Monday, October 30, 2006

Once again...

Check out Budgets Falling in Race to Fight Global Warming - New York Times

If global warming is caused largely through greenhouse gas emmission X population growth, and global pop growth is going down more rapidly than expected, then why don't people understand that there is less to it than meets the eye?



Anonymous Anonymous said...

Ben, per-capita energy use rates X population growth is a critical consideration that you continue to deny or ignore.

Take China. If in 50 years, only half a billion people live there, BUT they are using twice as much energy per person as they are today (which is a reasonable estimate), then it will not much matter if their country's population has been halved since 2006.

Or, if you take a much poorer country like Nigeria, where per capita energy usage is very very low (a small fraction of that of the US) -- even if their population shrinks by 75% in the next 50 years, it won't much matter if they quadruple their use of energy per person.

In all likelihood, however, these countries' populations will not shrink nearly so drastically and may in fact continue to grow (even if it is at a slower pace that will eventually reverse itself into population decline at some unknown future date.) If these countries continue to grow economically (and we can certainly expect this from China), then their per-capita energy usage is almost guaranteed to go up. By how much, we do not know for sure (no one can, as you are fond of pointing out.) I have read your beliefs in the advent of cheaper, less greenhouse-gas emitting technologies (Thorium, other nuke technologies, etc.) and I will admit to you that these technologies could indeed solve part of the problem. But do not expect, Ben, to see these advanced technologies implemented in developing countries anytime soon. Certainly not before they are implemented in the United States, and despite all the recent progress on the alternative energy front, we are a long way from adopting these technologies wholesale. Expect China to continue mining domestic deposits of filthy coal for at least the next generation. And as the average Chinese citizen starts wanting to live the rich life, expect more greenhouse gas emissions per-capita -- whether there's a population decline or not. With recent estimates that China's population increased by 10 percent in the last decade despite the one-child policy, I think we are in for some surprises on this front.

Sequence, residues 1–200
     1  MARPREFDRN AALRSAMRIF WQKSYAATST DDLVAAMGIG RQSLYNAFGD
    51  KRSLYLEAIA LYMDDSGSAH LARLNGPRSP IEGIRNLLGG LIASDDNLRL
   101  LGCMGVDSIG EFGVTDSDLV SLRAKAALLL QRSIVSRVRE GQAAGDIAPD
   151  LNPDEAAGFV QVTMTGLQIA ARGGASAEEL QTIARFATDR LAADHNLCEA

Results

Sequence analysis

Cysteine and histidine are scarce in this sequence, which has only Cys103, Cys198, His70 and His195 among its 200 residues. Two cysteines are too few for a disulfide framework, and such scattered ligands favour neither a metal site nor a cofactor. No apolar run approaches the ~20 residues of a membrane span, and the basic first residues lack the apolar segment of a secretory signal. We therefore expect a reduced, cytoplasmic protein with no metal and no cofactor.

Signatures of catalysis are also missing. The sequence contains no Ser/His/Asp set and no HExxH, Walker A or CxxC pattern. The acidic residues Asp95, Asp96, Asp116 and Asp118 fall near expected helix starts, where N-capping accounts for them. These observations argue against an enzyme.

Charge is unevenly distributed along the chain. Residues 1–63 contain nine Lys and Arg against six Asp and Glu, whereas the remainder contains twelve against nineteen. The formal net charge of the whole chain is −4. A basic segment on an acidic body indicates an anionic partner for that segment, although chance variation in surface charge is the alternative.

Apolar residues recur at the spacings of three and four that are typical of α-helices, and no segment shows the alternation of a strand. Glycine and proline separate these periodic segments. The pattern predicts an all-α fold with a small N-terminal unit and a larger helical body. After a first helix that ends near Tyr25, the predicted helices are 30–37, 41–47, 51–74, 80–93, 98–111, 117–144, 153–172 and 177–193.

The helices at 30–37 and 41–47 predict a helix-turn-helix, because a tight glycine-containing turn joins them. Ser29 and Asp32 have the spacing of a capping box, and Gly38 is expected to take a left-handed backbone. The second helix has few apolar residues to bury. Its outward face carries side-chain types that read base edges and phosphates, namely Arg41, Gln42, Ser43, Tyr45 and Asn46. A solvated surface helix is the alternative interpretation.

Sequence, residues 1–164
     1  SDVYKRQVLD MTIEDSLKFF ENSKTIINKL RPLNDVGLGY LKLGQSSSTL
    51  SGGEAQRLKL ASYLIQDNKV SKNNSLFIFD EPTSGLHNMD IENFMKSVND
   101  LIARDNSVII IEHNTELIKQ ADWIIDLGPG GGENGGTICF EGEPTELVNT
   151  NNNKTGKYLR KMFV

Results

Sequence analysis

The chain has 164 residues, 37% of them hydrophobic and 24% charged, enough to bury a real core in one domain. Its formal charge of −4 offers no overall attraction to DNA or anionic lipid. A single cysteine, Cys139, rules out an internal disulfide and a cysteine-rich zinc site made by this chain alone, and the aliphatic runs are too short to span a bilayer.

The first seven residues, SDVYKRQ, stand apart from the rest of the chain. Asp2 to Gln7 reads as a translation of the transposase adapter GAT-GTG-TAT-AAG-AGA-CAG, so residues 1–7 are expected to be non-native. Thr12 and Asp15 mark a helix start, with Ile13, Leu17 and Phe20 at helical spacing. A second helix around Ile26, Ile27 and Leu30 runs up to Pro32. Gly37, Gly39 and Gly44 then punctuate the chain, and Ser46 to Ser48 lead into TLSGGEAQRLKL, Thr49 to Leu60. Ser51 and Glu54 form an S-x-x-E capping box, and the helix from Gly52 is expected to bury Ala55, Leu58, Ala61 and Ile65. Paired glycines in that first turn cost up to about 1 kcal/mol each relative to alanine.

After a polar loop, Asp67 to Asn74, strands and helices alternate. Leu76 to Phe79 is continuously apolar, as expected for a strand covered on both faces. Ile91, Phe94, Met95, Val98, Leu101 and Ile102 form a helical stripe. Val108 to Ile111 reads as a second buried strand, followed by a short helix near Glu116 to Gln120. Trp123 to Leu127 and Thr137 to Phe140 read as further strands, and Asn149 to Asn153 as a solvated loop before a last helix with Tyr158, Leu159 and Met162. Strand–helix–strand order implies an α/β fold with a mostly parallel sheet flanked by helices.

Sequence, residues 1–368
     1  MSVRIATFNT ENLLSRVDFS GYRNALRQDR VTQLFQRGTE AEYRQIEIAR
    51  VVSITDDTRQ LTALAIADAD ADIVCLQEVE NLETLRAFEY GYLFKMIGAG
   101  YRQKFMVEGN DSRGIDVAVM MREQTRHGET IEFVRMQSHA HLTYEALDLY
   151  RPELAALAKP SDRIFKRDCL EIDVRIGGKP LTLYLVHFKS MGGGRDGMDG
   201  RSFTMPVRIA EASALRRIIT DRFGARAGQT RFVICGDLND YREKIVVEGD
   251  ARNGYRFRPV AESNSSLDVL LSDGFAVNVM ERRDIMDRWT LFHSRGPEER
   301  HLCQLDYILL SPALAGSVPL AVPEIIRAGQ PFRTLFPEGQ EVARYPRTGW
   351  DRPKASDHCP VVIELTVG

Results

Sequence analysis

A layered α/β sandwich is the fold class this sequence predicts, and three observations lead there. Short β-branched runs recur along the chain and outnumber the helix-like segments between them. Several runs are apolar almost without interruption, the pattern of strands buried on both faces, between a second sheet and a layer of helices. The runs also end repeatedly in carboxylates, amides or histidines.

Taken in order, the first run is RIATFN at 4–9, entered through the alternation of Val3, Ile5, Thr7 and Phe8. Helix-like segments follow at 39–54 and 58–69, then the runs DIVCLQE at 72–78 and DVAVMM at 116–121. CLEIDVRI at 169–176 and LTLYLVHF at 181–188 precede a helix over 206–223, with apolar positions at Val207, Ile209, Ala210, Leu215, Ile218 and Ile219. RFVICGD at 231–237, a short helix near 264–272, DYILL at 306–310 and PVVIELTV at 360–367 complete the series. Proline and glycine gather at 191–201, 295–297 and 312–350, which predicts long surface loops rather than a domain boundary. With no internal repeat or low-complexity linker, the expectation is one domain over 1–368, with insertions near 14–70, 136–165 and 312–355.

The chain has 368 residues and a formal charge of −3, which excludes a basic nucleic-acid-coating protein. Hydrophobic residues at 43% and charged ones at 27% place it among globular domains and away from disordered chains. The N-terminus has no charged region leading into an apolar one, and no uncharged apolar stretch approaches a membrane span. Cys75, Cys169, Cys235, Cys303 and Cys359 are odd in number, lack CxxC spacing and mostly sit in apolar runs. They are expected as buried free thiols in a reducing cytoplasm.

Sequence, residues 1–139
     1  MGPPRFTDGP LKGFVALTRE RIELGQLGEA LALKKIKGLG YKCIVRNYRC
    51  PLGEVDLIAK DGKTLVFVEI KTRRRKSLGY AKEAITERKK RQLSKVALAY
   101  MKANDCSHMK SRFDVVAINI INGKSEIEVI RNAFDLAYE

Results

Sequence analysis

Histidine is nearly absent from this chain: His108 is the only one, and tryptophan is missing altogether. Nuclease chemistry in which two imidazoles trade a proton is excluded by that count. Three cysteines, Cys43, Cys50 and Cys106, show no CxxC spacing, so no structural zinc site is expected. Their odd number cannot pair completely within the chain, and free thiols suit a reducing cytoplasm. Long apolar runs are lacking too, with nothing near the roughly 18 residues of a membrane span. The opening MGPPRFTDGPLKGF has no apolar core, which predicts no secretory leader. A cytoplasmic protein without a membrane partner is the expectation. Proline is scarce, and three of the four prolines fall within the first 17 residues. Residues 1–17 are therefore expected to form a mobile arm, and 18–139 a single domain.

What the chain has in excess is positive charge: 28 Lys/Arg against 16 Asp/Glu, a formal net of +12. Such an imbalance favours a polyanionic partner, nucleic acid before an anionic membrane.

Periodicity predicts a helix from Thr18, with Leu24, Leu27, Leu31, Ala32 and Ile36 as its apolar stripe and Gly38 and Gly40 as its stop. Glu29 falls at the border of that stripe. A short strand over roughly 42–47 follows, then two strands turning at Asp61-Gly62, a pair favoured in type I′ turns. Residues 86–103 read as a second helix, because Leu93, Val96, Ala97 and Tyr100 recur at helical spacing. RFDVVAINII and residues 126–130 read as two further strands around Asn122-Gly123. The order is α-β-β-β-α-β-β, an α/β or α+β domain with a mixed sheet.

However, Ben, I think you are remiss

October 31, 2006  

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